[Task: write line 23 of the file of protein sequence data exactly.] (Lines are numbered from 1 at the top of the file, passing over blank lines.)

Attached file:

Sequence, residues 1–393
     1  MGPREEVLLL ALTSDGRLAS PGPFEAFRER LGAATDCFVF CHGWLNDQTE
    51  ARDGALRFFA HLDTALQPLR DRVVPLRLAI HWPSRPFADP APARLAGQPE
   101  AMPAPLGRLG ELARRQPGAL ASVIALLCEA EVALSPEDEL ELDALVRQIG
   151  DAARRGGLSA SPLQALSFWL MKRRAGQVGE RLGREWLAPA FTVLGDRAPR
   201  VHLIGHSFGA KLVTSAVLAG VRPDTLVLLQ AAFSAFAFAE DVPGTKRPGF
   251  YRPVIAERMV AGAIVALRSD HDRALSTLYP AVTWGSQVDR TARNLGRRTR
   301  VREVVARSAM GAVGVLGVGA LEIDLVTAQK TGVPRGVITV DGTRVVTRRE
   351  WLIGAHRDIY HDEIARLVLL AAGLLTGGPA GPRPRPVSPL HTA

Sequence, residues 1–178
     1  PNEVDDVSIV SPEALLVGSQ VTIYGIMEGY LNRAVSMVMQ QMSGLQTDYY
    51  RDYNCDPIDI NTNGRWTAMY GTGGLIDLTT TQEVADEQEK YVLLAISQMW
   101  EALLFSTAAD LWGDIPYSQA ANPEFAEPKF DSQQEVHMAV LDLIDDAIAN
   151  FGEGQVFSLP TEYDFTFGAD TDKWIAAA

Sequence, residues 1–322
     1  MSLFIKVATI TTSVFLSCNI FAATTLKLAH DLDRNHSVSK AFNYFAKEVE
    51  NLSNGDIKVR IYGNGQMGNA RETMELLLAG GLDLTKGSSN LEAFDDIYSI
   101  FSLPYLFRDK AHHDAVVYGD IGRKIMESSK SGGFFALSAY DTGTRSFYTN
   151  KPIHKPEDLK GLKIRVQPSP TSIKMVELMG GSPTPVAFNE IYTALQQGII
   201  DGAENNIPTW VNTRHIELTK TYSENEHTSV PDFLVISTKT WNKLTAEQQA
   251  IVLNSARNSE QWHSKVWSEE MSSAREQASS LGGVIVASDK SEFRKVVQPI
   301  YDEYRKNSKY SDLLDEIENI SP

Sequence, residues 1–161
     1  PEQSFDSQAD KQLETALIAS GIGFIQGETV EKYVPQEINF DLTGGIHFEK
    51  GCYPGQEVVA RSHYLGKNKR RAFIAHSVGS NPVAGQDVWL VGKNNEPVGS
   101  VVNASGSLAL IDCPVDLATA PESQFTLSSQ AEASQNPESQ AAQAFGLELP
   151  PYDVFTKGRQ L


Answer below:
Sequence, residues 1–161